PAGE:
“Too true. Crashed my Beetle the other week. He’s too fast, and not just with cars. With everything. On the physical side, rather than on the brain-side. He was always better than Dad at sports, never tried hard at school, while I was always slogging away. I shouldn’t have worried about him. He’s proved himself admirably now.
“He just wrote a beautiful, almost classical, piece of music for the album, and I said, ‘I’d love to write words to that.’ I wish I hadn’t said it, because he and Dad turned round together and said, ‘Do it’. I’ve always been scare to write songs.
Sometimes if you want to do something a lot, it scares you. I want to be at least as good as my favourite artist. In the end, I’m quite pleased with it, it has got me over that barrier of fear and I can see that writing could be a pleasure.”
As well as topping the charts here, “Kids in America” sold well throughout Europe – and in Germany they call her “The Bardot of Rock”. She pulls open her black jacket and shows off a handsome t-shirt emblazoned with the distorted image of a female face. “That’s what started it”, she reveals.
“When I bought this t-shirt, I didn’t realise it was Bardot’s face. When the Germans saw it, they thought it was my face I’m flattered really, and that’s why those comparisons started.
“I understand why they do that. When you’re new to this business people try to find something to compare you with, to pigeon-hole you. Eventually they’ll realise I’m nothing like Bardot, but if they think I have that kind of appeal, I have no objections.”
Although Kim isn’t planning any live shows until at least next year, she has the dubious distinction of being the first artist in seventeen years to go live on Top Of The Pops. She opened the recent experimental ‘live’ edition, singing live to backing tracks.
“That show needed a kick up the arse, didn’t it? Putting it out live made a real difference. Best thing that happened to it in years. I prefer the European shows, where they seem better organised and you can do little bits of comedy routines.
“Mum and I used to play live gigs with Dad. We did the backing vocals, shoo-wop shoo-waddies, until Mum fell pregnant again. We had a lot of fun and I got some stage experience. Dad learned a lot from the mistakes he made, and he wants to be sure I don’t make the same ones. I learn a lot just watching how he deals with people. I learn to compromise ,and not get too big headed.”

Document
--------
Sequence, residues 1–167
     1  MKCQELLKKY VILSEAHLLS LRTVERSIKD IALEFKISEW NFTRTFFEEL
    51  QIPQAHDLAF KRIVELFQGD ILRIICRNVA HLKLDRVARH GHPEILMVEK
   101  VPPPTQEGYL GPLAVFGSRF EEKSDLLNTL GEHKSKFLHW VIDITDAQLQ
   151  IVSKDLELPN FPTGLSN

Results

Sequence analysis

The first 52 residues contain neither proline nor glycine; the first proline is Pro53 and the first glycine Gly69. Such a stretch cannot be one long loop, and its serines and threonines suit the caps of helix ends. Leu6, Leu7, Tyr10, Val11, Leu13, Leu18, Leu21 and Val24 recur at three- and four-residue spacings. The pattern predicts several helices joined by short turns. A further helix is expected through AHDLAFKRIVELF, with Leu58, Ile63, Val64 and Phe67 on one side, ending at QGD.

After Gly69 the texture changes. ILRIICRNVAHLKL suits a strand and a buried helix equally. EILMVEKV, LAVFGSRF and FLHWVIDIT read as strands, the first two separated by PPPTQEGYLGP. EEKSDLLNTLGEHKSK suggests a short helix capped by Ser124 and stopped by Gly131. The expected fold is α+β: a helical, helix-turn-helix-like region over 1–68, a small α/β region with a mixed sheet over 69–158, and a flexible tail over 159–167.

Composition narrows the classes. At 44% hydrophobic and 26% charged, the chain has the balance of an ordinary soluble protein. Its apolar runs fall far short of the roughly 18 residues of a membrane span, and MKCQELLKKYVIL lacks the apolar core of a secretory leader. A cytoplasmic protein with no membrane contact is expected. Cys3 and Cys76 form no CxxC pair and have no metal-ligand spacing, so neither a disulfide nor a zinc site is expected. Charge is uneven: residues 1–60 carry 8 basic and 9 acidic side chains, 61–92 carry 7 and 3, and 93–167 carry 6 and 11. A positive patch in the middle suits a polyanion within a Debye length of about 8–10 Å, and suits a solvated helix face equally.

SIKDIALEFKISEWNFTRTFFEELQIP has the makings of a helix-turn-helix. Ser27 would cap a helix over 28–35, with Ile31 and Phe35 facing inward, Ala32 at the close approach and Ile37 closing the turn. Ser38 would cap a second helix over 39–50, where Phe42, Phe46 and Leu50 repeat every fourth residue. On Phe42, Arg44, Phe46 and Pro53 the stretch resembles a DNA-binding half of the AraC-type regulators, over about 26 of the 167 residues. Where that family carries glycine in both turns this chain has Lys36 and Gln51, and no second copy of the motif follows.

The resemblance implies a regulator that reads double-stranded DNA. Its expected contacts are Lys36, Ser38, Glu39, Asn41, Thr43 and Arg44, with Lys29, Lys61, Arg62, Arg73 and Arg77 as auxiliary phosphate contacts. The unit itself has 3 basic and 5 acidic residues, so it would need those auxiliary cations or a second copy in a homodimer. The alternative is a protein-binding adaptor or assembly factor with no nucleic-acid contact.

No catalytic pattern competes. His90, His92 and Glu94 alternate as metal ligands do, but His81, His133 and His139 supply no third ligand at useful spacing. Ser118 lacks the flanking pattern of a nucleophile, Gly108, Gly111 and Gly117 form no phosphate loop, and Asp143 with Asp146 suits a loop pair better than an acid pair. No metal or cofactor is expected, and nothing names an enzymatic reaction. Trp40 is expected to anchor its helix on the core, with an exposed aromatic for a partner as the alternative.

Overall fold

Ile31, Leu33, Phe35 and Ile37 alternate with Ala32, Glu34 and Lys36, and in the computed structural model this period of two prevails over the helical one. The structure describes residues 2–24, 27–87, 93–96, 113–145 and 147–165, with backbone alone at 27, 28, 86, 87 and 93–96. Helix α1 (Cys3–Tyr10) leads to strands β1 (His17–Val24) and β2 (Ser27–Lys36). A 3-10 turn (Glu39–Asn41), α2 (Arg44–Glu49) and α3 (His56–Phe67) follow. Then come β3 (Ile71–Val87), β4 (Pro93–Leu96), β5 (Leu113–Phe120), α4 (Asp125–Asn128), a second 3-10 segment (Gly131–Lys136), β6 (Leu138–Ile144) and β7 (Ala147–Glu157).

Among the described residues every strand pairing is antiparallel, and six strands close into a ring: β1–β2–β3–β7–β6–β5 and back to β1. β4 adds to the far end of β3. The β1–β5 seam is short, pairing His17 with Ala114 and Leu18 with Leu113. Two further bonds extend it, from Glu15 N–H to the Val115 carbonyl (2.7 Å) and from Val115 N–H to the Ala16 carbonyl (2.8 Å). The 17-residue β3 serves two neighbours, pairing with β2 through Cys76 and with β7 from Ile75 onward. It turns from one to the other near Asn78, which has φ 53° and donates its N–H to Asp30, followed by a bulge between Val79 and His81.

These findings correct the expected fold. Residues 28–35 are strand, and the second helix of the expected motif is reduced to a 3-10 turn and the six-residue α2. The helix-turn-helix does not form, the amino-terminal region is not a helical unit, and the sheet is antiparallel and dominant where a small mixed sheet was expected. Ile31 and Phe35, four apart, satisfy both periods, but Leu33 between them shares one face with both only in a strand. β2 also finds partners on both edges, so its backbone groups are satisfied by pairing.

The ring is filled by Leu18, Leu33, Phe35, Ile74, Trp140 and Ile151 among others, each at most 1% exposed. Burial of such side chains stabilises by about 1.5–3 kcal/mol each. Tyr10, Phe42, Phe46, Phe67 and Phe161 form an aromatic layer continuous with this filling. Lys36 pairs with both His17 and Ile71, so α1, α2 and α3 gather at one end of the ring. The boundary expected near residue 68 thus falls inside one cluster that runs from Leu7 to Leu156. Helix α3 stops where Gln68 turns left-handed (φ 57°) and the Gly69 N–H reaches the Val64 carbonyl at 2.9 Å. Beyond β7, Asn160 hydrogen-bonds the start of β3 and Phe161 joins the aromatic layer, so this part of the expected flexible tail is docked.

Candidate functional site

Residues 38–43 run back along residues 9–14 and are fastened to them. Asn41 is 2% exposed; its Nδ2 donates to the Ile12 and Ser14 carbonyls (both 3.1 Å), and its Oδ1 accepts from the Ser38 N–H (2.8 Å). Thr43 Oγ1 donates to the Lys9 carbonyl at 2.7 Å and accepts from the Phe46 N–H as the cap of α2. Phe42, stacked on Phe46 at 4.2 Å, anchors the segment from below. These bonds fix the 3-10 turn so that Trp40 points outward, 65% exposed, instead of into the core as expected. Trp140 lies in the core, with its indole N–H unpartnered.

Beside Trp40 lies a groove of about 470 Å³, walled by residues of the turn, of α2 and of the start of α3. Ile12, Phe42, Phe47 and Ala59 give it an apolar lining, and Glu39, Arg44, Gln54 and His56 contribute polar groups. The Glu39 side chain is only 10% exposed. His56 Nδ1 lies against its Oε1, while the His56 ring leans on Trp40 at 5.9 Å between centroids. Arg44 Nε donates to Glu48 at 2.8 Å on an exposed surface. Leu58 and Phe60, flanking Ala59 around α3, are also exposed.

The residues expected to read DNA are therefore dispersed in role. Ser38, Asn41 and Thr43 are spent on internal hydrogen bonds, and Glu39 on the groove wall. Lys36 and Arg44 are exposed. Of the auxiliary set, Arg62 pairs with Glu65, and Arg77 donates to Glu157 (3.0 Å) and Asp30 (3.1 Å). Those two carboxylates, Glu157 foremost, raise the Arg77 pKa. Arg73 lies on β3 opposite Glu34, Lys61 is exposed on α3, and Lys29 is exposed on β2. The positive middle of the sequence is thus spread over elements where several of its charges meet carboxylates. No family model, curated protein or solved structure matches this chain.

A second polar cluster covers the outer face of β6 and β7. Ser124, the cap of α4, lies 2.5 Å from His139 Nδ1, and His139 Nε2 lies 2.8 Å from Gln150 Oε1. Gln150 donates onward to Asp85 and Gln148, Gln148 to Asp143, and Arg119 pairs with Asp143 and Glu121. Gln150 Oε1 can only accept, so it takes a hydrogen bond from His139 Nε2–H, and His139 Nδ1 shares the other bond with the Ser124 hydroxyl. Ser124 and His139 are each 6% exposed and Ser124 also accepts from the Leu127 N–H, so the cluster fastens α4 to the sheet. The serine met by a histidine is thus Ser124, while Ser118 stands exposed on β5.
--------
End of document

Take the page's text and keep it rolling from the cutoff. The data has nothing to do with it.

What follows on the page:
Tucked away niside the streetwise, aggressive kid who struts on TOTP are layers of other characters. There’s a sensible business mind ticking away constantly. There’s a loner who adores the ’30s film idol Greta Garbo. There’s also a future mum and a great cook.
“I had the band round to dinner last week. I love cooking. I mean, if you invite eight people round to dinner and you want them to have a lovely evening, it’s very stimulating planning the food, buying it, cooking it. I’m a nervous wreck by the end, but it keeps the band sweet.”
How domestic. How sensible. How… normal.
“I suppose I am quite conventional, but what do you call normal? If yo umean that most kids don’t want to have people round for dinner parties, then that makes me abnormal. Right?
“I’m very happy at home, but life is getting increasingly hectic, with so much to be done in London. I haven’t seriously thought about moving out though. Having a couple of hits has changed what happens in my life ,but it hasn’t changed me yet. I have a road to follow now, and a career can bring its own problems ,but at least I’m doing what I want to do.”